small operators can afford to release high BOD loads into municipal systems.
Large processors operate individual treatment systems. Artisan dairy proces-
sors are frequently left with neither option. A large range of creative waste-
water solutions are observed, such as feeding whey to pigs, irrigating fields
with wastewater, and spreading whey on grape vines for mold inhibition. All
methods must be approved; releasing these liquids into surface streams is
not a legal option. Frequently field application is not approved during winter
months, which means some operators must have tanks to collect wastewater
for up to 6 months per year.


The most frequently asked question during start-up is “How much will this
cost?” Unfortunately very little information is available to forecast start-up

© 2012 by Taylor & Francis Group, LLC

Dairy Products 225

and operating costs. As a consequence, start-up tends to be more expensive

than expected. An unpleasant surprise for many people is that remodeling an
existing building can be nearly as expensive as building a new one. Some esti-
mates of building and equipment costs are outlined in Table 8.4, although
the numbers are likely to fluctuate.
The break-even point is an indication of when a business turns profitable.
It is recommended to break even within 3 years of start-up. When faced
with large start-up costs many entrepreneurs choose to start out at a smaller
scale. Unfortunately this can make expansion difficult, as an increased pro-
duction of, say 30%, might require a 100% increase in investment as a new
pasteurizer and other equipment may be needed. This business mistake can
cause cheese operators to work extremely hard and still not have any chance
of becoming profitable because not enough cheese can be produced in the
facility. It is a better strategy to plan for growth by starting with overcapacity
in both equipment and space and then plan for steady production growth.
Some entrepreneurs plan for growth to reach 100% production capacity
at the point when the equipment is fully depreciated, i.e., after 7 years of
A business model has been developed at Oregon State University to fore-
cast start-up and operating costs and to determine the break-even point of
potential artisan cheese operations. Sensitivity analysis reveals that the four
factors that are especially important to business success are product price,
product yield, milk price, and cheese maker wage. Entrepreneurs must have a
firm understanding of what price their product can be sold at. This also means
that the sales outlet decision is important. Common sales outlets include

Major Start-Up Costs Associated
with Specialty Cheese Processing

Construction of processing facility $110/ft2

Pumps and piping $4,000
Raw milk and whey storage tanks $9,000
Cheese aging room with shelving $28,000
Vat pasteurizer and cheese vat $37,000
Cleaning and sanitation equipment $25,000
Drain table $3,500
Cheese press $6,000
Vacuum packer $4,500
Cheese molds $5,000
Van for cheese sales $20,000

© 2012 by Taylor & Francis Group, LLC


Advantages and Disadvantages Associated with the
Three Common Sales Outlets Available to Specialty
Dairy Processors

Sales Outlet Price to Cheese Maker Advantages Disadvantages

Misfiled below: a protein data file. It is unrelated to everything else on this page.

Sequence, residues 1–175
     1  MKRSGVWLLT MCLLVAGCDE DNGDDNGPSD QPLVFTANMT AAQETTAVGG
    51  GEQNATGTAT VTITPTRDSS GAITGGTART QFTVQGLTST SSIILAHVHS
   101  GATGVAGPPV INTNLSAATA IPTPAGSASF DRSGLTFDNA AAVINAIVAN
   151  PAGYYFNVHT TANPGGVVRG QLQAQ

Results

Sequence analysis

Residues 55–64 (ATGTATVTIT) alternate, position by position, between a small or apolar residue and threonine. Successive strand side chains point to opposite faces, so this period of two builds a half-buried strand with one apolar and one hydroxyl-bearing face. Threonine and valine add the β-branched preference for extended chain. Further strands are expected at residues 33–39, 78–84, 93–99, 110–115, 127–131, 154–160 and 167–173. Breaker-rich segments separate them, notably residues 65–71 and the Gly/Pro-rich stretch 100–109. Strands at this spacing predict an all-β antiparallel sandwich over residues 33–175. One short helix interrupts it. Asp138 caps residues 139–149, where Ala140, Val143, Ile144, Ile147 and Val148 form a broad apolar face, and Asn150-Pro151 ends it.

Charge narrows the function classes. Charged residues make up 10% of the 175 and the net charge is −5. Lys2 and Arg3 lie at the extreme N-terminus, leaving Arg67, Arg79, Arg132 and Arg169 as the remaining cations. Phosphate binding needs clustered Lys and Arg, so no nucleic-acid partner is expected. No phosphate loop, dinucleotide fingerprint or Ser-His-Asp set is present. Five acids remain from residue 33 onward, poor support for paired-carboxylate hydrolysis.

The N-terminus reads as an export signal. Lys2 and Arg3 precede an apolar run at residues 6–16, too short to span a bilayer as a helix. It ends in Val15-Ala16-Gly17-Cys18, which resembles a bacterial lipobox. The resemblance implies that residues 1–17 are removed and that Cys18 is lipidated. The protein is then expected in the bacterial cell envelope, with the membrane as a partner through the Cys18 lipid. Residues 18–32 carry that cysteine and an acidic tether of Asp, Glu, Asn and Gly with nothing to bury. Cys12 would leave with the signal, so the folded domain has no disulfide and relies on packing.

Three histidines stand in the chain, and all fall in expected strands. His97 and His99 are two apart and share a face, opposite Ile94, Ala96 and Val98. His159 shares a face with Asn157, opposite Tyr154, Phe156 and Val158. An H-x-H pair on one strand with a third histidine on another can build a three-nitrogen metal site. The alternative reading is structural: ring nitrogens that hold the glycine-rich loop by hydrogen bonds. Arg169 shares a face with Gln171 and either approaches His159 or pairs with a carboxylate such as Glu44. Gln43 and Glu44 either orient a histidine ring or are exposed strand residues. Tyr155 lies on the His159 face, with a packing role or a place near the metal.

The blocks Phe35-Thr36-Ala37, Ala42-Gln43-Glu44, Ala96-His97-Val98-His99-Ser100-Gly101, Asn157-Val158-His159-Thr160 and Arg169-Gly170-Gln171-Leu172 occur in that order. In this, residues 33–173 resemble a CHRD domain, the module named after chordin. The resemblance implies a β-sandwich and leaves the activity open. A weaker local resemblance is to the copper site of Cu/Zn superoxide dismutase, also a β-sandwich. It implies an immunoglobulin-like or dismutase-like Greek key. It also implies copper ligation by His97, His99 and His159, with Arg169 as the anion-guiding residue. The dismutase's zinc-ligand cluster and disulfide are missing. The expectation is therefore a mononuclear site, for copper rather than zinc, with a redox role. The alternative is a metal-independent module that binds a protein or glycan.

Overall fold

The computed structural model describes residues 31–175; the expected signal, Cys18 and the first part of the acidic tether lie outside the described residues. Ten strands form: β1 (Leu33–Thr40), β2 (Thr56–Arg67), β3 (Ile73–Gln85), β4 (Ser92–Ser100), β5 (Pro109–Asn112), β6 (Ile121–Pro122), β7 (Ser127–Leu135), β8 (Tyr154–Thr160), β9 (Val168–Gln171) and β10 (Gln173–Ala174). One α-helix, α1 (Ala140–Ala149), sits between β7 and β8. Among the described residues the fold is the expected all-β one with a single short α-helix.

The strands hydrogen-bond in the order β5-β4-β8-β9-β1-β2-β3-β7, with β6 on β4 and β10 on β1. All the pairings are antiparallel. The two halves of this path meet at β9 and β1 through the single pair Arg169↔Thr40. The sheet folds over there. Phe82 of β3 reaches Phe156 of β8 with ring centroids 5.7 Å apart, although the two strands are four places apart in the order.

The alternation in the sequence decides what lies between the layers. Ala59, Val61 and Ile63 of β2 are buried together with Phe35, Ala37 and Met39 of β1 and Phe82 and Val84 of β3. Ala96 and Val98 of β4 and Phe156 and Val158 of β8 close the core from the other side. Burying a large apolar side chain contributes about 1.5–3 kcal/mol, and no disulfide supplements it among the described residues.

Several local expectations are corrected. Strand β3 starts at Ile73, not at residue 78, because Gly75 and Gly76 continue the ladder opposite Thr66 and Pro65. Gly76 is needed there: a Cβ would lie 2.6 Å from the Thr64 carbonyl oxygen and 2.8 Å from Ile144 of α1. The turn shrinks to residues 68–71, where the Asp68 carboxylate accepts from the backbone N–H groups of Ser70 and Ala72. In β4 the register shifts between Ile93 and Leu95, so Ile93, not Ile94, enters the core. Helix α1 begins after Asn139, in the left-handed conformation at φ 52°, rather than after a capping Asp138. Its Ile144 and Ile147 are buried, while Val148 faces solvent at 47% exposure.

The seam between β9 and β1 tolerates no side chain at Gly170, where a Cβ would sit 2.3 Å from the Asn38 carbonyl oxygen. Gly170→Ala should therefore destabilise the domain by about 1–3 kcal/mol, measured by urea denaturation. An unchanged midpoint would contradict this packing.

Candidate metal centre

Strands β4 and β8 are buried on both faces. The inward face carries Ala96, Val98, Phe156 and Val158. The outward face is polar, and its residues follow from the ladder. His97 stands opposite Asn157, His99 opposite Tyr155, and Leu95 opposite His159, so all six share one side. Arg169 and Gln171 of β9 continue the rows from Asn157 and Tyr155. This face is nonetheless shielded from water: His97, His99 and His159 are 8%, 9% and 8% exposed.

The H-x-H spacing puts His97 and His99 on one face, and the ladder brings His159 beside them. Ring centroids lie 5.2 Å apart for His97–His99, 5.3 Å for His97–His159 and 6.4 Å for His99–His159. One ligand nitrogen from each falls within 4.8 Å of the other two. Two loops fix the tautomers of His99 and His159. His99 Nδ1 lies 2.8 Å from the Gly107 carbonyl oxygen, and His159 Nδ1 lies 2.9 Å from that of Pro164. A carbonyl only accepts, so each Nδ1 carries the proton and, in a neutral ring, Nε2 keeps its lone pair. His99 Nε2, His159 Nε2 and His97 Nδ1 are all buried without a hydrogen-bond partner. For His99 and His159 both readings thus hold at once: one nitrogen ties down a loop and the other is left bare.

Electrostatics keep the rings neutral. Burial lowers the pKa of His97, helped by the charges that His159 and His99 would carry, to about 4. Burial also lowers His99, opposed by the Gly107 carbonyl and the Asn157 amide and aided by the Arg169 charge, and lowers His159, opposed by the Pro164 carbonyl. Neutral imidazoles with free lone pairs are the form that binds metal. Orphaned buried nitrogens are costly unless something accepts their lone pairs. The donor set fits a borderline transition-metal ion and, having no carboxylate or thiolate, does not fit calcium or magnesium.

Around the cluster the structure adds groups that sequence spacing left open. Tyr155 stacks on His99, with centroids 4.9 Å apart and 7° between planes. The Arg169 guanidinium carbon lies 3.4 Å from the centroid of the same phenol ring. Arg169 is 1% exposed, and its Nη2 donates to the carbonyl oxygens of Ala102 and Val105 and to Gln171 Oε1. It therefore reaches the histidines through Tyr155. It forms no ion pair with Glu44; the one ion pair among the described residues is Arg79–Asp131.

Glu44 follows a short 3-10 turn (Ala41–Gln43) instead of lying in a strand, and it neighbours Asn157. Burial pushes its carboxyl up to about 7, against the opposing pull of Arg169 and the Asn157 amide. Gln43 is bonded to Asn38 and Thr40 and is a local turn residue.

Direct sales 100% Highest price Labor intensive
(farmers’ market, Advertisement for cheese Seasonal
on-farm sale) Direct contact with Fuel cost
consumers Loss due to sampling
Wholesale 75% All year Lower $/lb cheese
(grocers and Reach a larger, more Additional labor required
restaurants) traditional consumer to market and deliver
group directly to wholesale
Distribution 50% All year Lowest $/lb cheese
Reach largest potential Must be able to supply the
consumer base demand on a regular
Least amount of sales basis
labor required

farmers’ markets, wholesale, and distribution. Each option has advantages

and disadvantages, as outlined in Table 8.5.
The economic burden associated with starting up production of specialty
dairy products along with the challenges associated with sales and distribu-
tion are frequently underestimated. Entrepreneurs start businesses because
they enjoy producing specialty products such as cheese or ice cream. While
they likely produce excellent products, it is the business side that ends up
causing the greatest trials. A strategic plan that provides a realistic plan for
growth is required for success.

This chapter summarizes some of the challenges associated with specialty
dairy processing. The cautious reader could easily be discouraged from
entering into this type of enterprise. Yet the benefits are abundant. As a
farmstead dairy processor you would know your animals by name. You
would not have a dreaded morning commute because your business is at
your home. You would likely be living in a rural community surrounded
with green pastures. The business would be a family business with your
family functioning as a well-trained team with each member having unique
responsibilities involving animal care, processing, and sales. Through

© 2012 by Taylor & Francis Group, LLC

Dairy Products 227

contacts at farmers’ markets you’d know the people buying and consuming
your products. You would know that you contribute to sustainable rural
communities. And most of all, you’d be producing a top-quality product,
which should make you proud. So yes, the challenges are significant, but the
rewards are plentiful.

1. Code of Federal Regulations. 2011. 21 CFR 110-133. http://ecfr.gpoaccess.gov
(accessed April 15, 2011).
2. American Cheese Society. 2005. Cheese glossary. http://www.cheesesociety.
org/i-heart-cheese/cheese-glossary (accessed April 11, 2011).